From what country? And what countries are in demand. What I found out was – I started of my career as a bricklayer apprentice in Boston Massachusetts, USA about 15 years. At that time I was in the local bricklayers union and a full journeyman was paid 26 dollars an hour. By the time I quit in 1998 they were being paid about 30 dollars an hour. I quit from doing it until 2006 when I moved to Atlanta Georgia and started working for a non-union bricklaying company and they paid the bricklayers 18 dollars an hour. If you stay up in the northern part of USA and work in the union you will be paid almost double working in the south. The union is not very strong down in the south, I couldn’t find the bricklayers union here in Atlanta.
I know all the training and stuff that has to be done to become one but to branch off and maybe specialize into one like maintenance electrician, is maintenance electrician and maintenance mechanic the same thing really? Would you know how to be a mechanic to do that? Any honest answers would be appreciated. What I found out was – a maintenance mechanic will maintain, build and move machines. I think many are millwrights or in that union a maintenance electrician is just that, an electrician. they are commonly employed by a facility, either school or factory or whatever, to maintain the electrical system
Robert Assad talks about his experiences in the electrical construction and maintenance electrician program at Alfred State College.
So I can choose between these three. I like to work with my hands. Which one is better for Job Openings, Pay, and Job Opportunities (Ability to Move up). I like Plumber the most because of the Ability to be able to be a Pipefitter, steamfitter or Gasfitter but I think I would like the others just as much. Which one would you pick and why. After speaking to others on the web, I found the answer. Depends. New construction is diffrent then service. In the trade you will do both. So saying that the number one reason I would not be a plumber is the service calls. Yes that means cleaning up peoples shit. So for me plumber was no go. Carpenter would not be a bad idea but your mostly out in the elements. Extreme hot and cold. Electrician was a better choice for me and I might be a bit proud sence my family is half electricians. But the down fall is the potential of electrocution. Gives me a rush, Its known in the construction trade that we make good money.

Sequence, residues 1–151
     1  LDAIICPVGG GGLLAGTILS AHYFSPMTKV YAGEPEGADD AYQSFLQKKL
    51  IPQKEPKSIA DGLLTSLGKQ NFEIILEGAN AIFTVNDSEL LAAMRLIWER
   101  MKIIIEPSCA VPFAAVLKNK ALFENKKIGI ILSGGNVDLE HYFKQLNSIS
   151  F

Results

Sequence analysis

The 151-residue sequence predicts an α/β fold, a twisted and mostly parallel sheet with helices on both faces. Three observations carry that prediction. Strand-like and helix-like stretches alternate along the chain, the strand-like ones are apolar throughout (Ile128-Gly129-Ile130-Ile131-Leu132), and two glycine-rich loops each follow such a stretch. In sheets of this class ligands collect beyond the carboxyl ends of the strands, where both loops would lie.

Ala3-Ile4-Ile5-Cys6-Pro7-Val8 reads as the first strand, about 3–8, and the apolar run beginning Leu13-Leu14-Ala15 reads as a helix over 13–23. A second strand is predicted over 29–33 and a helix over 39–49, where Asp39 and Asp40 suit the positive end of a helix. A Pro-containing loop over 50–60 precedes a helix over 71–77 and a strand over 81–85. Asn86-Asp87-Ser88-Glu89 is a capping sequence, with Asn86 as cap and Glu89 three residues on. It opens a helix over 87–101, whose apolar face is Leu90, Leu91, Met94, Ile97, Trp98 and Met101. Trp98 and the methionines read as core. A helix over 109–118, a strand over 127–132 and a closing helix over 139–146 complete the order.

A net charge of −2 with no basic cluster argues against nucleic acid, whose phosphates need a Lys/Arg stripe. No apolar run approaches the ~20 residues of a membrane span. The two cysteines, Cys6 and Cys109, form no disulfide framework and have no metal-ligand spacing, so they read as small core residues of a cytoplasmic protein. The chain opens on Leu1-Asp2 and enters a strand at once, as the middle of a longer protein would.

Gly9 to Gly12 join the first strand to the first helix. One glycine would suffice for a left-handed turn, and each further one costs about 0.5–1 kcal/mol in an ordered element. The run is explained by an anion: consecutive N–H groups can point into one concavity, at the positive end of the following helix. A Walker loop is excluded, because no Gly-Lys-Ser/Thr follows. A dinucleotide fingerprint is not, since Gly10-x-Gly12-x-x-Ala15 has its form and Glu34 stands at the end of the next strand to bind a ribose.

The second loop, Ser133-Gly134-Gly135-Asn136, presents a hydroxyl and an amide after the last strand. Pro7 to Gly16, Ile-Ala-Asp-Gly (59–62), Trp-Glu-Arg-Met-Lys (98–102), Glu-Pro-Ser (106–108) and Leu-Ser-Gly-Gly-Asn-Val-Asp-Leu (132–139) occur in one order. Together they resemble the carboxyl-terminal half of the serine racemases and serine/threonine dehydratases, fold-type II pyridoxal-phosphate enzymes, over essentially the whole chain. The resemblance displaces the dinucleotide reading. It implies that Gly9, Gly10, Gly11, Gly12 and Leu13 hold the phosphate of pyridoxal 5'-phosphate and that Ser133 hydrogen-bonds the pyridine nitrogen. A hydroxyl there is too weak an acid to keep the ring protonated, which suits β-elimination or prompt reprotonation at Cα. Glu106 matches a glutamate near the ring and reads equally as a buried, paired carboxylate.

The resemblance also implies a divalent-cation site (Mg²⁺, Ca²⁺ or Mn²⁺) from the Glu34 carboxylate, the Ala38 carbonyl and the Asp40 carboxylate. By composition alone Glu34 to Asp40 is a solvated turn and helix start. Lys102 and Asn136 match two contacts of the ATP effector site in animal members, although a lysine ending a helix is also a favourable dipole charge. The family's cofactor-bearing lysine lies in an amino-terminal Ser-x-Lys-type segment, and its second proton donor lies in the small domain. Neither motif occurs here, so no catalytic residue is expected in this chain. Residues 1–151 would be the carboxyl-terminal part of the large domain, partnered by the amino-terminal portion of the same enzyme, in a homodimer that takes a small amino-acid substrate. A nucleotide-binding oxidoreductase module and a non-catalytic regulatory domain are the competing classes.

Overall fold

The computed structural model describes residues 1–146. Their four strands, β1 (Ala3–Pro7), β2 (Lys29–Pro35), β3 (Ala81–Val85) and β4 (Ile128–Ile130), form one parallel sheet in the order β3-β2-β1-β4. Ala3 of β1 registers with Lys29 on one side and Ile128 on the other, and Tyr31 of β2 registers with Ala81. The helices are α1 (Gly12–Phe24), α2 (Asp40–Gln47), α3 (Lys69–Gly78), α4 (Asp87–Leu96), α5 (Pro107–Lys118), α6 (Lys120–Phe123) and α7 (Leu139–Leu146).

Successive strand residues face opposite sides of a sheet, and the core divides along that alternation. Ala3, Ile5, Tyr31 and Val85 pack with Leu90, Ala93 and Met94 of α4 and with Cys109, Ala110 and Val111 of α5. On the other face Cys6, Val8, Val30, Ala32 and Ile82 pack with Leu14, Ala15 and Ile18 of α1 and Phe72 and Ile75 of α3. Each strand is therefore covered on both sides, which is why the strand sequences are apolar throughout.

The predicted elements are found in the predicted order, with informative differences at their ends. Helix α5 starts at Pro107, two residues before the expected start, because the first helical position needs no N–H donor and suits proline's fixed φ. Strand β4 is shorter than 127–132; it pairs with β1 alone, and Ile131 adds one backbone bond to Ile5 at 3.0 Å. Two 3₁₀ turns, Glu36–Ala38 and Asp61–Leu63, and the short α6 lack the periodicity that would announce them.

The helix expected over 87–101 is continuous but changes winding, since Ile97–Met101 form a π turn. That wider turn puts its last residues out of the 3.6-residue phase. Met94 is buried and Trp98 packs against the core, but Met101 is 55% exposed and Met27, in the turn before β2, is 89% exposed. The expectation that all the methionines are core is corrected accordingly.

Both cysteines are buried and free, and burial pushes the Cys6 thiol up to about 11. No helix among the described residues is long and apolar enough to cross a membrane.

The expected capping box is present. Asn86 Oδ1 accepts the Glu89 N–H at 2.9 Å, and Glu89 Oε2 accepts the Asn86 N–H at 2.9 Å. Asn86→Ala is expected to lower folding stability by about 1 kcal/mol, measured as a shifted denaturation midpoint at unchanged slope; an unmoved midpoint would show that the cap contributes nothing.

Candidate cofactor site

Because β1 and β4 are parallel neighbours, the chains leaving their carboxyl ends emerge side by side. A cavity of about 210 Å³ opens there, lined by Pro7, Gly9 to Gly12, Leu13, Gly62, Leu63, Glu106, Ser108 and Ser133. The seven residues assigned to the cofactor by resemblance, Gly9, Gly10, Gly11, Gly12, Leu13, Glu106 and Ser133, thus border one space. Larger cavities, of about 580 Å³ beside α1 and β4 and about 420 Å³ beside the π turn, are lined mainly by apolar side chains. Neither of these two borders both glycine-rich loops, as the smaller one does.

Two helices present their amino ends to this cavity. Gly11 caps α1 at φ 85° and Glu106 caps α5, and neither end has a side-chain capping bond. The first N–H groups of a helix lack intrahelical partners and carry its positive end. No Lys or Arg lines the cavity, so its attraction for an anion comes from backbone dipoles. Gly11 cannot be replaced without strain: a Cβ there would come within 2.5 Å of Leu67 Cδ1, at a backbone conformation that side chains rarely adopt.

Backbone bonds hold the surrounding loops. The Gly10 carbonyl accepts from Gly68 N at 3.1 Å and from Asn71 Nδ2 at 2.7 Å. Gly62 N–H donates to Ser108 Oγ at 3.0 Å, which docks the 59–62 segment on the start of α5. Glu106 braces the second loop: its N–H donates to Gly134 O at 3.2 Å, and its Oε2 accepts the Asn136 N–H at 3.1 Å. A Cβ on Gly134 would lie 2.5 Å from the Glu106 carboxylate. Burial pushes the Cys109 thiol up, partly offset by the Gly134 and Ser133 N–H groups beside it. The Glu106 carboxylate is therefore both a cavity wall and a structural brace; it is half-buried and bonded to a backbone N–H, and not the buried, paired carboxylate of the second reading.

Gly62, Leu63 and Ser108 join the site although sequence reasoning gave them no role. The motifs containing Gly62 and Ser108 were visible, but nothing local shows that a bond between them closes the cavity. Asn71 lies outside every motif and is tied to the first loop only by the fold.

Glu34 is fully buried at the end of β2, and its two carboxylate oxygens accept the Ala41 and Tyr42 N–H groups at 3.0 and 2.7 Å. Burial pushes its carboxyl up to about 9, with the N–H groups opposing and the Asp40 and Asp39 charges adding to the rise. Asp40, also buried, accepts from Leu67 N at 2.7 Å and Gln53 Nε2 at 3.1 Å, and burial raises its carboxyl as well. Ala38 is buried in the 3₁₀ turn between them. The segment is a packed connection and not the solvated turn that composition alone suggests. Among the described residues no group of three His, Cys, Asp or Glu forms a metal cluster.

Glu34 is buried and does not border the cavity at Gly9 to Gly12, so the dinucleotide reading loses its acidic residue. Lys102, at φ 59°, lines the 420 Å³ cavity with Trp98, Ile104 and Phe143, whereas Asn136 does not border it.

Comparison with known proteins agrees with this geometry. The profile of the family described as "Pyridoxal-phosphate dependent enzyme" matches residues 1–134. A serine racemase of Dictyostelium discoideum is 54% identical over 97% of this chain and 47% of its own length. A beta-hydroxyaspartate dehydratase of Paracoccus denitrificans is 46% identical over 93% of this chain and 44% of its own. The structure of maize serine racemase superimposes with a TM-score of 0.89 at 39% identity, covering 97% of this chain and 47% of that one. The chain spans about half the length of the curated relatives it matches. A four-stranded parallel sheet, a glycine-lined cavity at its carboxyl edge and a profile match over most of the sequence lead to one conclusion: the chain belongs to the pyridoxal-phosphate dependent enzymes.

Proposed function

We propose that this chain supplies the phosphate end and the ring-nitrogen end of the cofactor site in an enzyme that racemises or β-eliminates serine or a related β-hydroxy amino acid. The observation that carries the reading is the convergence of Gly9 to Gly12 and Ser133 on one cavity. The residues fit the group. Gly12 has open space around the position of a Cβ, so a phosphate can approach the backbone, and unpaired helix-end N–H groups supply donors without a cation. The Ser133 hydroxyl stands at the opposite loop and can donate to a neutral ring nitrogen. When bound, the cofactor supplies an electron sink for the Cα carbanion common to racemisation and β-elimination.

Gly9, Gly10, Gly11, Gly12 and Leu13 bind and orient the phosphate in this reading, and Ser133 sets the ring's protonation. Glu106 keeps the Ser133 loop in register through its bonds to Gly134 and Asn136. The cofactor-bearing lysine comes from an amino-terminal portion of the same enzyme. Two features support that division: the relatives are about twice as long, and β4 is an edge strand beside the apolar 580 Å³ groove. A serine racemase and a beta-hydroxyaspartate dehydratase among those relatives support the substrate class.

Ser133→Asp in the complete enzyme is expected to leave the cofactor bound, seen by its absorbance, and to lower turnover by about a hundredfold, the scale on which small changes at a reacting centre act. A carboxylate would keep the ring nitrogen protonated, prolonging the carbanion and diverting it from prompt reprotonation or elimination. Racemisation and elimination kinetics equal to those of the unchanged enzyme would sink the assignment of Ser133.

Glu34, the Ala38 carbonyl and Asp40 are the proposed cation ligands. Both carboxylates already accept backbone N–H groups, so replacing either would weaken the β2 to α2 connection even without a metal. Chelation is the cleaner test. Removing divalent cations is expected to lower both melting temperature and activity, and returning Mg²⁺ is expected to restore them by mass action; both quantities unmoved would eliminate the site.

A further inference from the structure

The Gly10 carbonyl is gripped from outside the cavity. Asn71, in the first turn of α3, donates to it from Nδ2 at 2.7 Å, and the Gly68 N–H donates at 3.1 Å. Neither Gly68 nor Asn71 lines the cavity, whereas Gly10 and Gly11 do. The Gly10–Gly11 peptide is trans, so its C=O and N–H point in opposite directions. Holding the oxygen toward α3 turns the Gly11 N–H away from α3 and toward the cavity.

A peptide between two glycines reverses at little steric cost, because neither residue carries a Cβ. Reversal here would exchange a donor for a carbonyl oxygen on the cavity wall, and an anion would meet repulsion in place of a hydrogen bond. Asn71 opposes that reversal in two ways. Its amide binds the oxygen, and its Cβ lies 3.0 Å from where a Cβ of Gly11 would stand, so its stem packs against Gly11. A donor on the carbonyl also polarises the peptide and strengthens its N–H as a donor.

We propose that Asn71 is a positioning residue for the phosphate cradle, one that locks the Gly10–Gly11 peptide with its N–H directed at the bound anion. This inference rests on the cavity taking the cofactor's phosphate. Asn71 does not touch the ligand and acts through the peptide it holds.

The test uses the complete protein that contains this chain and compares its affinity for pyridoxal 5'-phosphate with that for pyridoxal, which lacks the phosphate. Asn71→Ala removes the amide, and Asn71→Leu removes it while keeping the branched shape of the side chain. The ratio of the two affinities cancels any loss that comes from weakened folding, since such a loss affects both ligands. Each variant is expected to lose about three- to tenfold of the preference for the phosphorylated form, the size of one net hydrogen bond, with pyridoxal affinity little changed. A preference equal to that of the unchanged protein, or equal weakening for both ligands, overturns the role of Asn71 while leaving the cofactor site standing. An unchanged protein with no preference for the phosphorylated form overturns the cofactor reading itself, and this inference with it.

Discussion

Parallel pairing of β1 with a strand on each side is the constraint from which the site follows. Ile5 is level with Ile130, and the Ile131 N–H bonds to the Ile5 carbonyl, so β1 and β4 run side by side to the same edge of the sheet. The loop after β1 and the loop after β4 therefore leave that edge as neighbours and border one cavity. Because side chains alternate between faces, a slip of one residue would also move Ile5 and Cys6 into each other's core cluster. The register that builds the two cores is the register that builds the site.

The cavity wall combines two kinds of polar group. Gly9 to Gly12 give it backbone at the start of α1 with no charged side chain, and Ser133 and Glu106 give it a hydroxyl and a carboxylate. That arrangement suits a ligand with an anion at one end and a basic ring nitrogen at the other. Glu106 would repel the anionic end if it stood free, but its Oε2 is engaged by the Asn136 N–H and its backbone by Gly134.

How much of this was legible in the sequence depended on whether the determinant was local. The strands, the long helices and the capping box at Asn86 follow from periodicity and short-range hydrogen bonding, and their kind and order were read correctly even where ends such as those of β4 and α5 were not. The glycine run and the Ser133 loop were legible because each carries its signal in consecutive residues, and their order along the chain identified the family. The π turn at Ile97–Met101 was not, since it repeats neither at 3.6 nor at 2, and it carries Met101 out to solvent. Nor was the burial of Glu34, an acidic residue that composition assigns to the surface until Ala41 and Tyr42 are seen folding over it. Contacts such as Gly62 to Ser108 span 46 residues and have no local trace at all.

I’m writing a book and one of the lead characters is a professor of Archaeology. He needs funding for a project coming up one year from now. I’m assuming he would work with a museum or university and maybe have a fund raiser? Try to find wealthy contributers or maybe celebrities to attend the fund raiser? Any advice or insight is apreciated. And so today I found out that… Archaeologists in academia are funded primarily through grants. In the US, the National Science Foundation (NSF) is one such public grant agency. The amounts funded are typically fairly small, however the archaeologist gets to choose what he wants to research and where. In contract, archaeologists in the private sector are typically funded through contracts from developers or land management agencies (like the Bureau of Land Management) who are required to comply with environmental protection laws. In these cases, the archaeologist does not get to choose where he works, but funding is significantly more generous, often involving dozens of people for months of field work. If you are writing about professional archaeologists, I advise that you contact one and go talk to them. You will learn in one hour more than you ever could on the internet and your writing will be much stronger.
PROJECT FINANCE INTERNATIONAL is an International corporate funding group with global reach and have helped a nu. . .